Having taught mindfulness classes, I have discovered most participants mistake mindfulness as either: sitting on a chair or cushion in a quiet environment and to focus on one’s breath while trying not to move and emptying one’s mind, or, to pay exclusive attention to outer activities one at a time. There is the confusion that mindfulness is a form of formal meditation (sitting down in a quiet space with no disturbance) of calming the mind, which one then brings to outer activities like a boxer who uses concentration to focus on his opponent in a ring. So is there such a thing as mindfulness meditation?
Used to be considered a disrepute subject because it is a form of contemplation exercise taught by the Buddha to his disciples, mindfulness has grown in popularity thanks to a body of research and is taught in its secular form from Ivy-league schools to the U.S. Army, to combat post-traumatic stress disorder. Mindfulness meditation is not restricted to the cushion or the chair according to popular belief. Mindfulness is an active awareness of what is going on inside as well as on the outside. But without formal meditation, it is not possible to be able to practise mindfulness in a day filled with activities.
Meditation, where people sit with their backs straight on the cushion in a full or half lotus, is a practice for calming the mind. In formal meditation, our attention is being trained to be placed on an object – the most common object is that of the breath. Every time the mind strays to thoughts, we intentionally bring the mind’s attention back to the breath, but without yanking the mind’s attention violently to the object. Rather, the mind is trained to observe thoughts without entering them, and only when the thoughts have lost its momentum, is the attention gently invited back to the breath.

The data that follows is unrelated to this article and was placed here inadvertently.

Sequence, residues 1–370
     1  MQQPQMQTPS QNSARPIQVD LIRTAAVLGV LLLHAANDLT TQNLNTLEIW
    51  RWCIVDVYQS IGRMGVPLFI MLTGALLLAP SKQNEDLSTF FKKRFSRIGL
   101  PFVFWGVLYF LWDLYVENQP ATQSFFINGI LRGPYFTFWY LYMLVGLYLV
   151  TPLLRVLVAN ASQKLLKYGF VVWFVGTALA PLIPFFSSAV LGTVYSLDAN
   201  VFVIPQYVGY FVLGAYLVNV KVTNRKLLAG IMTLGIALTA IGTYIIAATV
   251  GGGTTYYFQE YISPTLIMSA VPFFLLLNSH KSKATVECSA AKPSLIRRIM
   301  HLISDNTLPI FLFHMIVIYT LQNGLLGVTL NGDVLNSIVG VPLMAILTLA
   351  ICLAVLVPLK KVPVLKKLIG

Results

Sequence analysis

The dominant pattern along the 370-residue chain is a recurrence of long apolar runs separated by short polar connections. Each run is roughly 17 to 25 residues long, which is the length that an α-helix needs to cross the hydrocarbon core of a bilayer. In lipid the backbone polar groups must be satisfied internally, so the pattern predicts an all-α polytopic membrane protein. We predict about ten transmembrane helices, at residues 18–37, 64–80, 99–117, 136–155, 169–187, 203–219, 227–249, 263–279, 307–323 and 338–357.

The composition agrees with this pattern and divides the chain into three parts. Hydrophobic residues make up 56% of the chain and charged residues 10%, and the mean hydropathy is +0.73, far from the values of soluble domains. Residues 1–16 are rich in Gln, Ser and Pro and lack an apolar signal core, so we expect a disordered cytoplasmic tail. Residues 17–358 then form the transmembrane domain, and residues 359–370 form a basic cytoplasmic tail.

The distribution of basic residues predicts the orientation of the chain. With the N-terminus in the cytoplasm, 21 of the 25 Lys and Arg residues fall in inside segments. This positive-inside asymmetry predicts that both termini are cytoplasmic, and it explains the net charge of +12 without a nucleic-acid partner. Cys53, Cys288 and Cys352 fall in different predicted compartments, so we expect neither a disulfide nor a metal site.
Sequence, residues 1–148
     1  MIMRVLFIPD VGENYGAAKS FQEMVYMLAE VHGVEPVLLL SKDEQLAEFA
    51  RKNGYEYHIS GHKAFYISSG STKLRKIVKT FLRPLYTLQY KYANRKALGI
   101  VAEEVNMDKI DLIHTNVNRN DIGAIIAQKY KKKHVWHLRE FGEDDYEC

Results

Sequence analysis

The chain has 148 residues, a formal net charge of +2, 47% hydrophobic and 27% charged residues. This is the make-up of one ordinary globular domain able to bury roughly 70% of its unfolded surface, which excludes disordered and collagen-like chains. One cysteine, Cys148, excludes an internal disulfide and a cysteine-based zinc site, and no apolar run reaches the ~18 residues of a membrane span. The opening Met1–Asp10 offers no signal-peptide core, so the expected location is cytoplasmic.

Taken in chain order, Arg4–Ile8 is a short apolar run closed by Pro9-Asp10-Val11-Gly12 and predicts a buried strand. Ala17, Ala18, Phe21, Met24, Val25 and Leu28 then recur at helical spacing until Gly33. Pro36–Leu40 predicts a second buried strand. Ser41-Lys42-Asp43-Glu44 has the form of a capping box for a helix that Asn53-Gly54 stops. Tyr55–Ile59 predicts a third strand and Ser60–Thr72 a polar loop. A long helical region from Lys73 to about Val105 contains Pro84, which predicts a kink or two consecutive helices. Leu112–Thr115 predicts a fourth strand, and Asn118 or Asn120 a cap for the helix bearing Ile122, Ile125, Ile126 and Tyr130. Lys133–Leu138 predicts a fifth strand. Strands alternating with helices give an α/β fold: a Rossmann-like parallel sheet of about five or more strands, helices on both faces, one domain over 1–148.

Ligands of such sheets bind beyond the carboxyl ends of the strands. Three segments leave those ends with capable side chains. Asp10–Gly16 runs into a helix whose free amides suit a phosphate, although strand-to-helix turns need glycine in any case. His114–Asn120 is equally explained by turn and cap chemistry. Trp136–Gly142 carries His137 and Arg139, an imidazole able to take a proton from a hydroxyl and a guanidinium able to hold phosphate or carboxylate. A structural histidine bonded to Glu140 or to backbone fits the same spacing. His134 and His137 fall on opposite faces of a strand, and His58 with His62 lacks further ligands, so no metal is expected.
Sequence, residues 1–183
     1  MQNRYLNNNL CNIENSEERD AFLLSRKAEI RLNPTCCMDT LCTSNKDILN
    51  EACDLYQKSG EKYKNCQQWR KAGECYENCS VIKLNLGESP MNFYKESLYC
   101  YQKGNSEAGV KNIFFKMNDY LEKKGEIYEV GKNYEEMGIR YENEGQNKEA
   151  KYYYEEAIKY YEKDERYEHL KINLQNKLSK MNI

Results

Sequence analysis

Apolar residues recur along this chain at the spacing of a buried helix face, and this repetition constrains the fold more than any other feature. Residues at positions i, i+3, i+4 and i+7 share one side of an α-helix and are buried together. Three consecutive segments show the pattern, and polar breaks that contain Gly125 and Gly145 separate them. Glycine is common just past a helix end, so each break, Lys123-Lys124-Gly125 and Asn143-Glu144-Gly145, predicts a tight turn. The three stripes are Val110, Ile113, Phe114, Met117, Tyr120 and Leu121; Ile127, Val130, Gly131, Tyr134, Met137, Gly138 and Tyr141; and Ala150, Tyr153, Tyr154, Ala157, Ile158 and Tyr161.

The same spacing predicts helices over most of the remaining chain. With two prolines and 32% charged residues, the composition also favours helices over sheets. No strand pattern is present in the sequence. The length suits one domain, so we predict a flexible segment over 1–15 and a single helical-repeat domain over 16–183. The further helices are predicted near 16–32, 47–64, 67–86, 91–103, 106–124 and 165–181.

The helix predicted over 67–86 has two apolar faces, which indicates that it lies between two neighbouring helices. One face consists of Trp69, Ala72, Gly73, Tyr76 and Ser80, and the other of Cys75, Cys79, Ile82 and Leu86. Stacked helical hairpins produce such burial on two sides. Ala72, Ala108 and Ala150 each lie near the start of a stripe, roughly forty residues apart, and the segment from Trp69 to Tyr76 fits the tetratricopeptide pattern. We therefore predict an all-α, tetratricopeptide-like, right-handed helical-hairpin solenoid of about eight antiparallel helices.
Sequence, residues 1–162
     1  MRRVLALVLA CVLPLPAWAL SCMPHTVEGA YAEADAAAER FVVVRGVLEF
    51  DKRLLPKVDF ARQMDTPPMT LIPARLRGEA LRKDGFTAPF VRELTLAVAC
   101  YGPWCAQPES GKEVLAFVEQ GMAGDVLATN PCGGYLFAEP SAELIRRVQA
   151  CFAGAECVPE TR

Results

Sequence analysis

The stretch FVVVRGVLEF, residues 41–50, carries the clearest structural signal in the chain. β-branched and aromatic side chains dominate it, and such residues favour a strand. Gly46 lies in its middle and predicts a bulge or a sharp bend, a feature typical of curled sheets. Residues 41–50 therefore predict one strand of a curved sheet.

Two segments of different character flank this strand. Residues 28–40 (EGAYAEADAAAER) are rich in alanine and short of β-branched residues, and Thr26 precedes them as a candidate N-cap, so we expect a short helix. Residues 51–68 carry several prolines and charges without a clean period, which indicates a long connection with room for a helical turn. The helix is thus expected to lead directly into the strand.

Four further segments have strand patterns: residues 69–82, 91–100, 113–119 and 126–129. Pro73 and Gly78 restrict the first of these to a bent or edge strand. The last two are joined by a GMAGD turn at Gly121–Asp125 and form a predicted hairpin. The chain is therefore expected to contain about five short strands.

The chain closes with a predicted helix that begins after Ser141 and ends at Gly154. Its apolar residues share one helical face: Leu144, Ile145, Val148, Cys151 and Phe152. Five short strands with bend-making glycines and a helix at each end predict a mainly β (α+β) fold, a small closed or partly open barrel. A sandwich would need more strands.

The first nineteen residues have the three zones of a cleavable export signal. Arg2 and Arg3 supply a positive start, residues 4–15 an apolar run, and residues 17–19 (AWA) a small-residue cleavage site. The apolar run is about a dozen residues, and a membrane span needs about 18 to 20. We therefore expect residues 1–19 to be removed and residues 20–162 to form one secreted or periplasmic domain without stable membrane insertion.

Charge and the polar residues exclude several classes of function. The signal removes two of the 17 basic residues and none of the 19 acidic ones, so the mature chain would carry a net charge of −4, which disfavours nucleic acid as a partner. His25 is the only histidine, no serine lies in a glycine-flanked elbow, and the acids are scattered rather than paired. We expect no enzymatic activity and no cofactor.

When attention has been sufficiently been trained to stay in the present with the body or breath, then there is the possibility for the meditator to practice mindfulness in daily life.
Mindfulness is a form of active meditation, where the practitioner is able to look at the types of feelings and thoughts driving his or her daily life experience. If you feel that you are stuck in a rut, or wondering why your life is a repetition of stress and tension, mindfulness is a way to help you understand what are the thoughts and feelings driving your inner experience in a never-ending repeated loop of stress or unease. Only when there is awareness of these thoughts and feelings, can there be a deep reflection on the cause of it in order for you to change it.
Although all of us are gifted with the free will to speak and act, very few of us have ever used it consciously. That is because behind our speech and action lies years of habits conditioned by our parents, school and societal values. Sometimes our decisions are made in opposition to our parents’ own habits which we disapprove of, and we continuously make decisions to live differently from what we disapprove or approve of.
This is not to say that mindfulness means a disrespect of cultural and societal values. But rather, we can circumvent whatever comes our way by understanding how we feel and think about situations, in order that we can change the way we have been reacting towards it, to bring a sense of calm and ease, as opposed to a life of stress and unease.
Happiness or calm is available every moment, there is no need to wait for the future to be happy. In fact, it could be because most of us delay our happiness and only decide to be happy when certain conditions are met, that there is stress in our daily lives. Without training in both meditation and mindfulness, the option of choosing well-being remains elusive.